• Shortened Case Name:

    Queensland Building and Construction Commission v Gerhardt

  • MNC:

    [2015] QCATA 13

  • Court:


  • Judge(s):

    Senior Member Stilgoe OAM

  • Date:

    27 Jan 2015

Litigation History

EventCitation or FileDateNotes
Primary Judgment[2014] QCAT 68624 Apr 2014QBCC's decision that Gerhardt had engaged in unsatisfactory conduct set aside: Senior Member Oliver.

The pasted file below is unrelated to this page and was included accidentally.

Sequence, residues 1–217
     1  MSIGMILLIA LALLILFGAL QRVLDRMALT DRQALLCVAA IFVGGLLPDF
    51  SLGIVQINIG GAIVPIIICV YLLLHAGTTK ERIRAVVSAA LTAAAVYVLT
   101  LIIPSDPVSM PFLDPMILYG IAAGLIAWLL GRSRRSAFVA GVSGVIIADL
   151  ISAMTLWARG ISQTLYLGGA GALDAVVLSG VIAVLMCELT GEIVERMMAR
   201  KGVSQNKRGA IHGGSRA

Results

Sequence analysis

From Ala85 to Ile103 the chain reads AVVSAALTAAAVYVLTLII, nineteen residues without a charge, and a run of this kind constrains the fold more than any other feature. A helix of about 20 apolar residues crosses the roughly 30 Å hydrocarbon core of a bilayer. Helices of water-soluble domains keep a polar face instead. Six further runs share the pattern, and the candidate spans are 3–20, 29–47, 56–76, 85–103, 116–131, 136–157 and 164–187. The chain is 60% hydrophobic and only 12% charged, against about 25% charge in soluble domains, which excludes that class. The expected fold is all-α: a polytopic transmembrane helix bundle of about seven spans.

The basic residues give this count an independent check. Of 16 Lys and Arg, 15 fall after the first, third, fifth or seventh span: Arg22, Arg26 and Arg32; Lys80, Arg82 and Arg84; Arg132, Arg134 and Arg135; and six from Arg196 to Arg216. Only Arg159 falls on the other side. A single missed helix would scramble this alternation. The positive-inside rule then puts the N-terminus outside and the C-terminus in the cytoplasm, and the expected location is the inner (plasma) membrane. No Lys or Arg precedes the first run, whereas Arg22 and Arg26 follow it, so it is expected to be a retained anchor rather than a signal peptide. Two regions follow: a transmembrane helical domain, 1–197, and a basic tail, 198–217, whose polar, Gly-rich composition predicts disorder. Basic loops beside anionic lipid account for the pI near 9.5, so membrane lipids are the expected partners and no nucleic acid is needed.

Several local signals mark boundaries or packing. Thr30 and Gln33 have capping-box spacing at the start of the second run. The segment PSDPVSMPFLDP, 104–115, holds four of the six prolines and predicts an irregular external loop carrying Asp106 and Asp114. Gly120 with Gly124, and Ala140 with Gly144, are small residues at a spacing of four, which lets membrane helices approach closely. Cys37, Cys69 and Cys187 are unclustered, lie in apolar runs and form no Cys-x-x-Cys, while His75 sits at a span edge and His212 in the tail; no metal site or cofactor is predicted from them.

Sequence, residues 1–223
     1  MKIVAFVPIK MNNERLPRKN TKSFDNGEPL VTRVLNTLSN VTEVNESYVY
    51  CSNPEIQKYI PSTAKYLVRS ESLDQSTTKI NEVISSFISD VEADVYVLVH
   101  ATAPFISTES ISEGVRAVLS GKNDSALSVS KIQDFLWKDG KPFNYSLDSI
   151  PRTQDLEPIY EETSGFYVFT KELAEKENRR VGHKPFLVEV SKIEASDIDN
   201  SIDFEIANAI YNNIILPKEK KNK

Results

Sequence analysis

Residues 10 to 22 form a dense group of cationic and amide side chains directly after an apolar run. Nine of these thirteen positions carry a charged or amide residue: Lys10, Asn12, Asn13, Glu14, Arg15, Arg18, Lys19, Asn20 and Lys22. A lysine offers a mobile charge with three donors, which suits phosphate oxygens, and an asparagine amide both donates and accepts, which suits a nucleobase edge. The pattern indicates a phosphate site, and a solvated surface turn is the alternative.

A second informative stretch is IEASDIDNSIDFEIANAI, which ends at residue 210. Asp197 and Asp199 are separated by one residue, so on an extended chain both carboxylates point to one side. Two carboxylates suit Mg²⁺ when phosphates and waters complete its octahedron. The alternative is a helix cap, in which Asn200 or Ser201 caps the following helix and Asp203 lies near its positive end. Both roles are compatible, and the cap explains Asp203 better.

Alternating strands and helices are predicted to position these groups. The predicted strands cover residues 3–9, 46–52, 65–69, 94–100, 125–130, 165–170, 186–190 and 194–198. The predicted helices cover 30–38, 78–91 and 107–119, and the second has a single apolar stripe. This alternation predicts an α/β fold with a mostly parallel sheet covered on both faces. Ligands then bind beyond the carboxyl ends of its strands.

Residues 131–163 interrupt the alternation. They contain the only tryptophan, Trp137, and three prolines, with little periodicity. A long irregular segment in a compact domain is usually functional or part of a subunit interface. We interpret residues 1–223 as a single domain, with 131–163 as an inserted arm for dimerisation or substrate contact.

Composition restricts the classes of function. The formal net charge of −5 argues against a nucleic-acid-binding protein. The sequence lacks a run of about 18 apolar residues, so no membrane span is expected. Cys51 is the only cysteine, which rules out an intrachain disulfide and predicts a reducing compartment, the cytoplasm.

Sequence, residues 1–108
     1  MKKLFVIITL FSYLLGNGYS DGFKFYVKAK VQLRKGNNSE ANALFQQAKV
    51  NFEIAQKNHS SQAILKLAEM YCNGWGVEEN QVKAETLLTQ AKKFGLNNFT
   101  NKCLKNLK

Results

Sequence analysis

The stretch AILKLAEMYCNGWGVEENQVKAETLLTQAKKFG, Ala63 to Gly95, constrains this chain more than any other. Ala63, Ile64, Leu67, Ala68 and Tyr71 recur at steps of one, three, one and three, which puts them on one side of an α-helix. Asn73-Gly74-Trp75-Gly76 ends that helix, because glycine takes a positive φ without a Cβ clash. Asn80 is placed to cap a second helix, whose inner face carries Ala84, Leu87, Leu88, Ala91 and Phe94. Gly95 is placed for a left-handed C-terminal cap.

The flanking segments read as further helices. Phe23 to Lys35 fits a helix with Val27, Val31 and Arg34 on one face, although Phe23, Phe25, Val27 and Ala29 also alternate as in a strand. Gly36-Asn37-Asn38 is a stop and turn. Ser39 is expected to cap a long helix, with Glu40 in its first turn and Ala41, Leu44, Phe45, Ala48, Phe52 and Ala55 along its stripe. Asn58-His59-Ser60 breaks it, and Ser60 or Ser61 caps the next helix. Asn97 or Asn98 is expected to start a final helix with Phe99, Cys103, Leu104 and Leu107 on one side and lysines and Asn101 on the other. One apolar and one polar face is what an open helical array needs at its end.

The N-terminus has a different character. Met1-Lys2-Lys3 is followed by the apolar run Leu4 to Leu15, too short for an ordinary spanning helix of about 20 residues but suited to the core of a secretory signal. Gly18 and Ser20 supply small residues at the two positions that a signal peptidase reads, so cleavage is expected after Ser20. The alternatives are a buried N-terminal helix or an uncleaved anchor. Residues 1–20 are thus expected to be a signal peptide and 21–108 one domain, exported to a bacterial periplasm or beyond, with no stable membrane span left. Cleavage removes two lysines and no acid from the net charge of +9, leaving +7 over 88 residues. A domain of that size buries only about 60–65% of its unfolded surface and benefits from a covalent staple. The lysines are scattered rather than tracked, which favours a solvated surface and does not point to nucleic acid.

Primary Judgment[2015] QCATA 1327 Jan 2015QCATA
Notice of Appeal FiledFile Number: 2096/1527 Feb 2015APL237/14
Appeal Determined (QCA)[2016] QCA 13631 May 2016Leave to appeal granted; leave to amend proposed notice of appeal refused; appeal dismissed: Morrison, Philippides JJA and North J.

Appeal Status

Appeal Determined (QCA)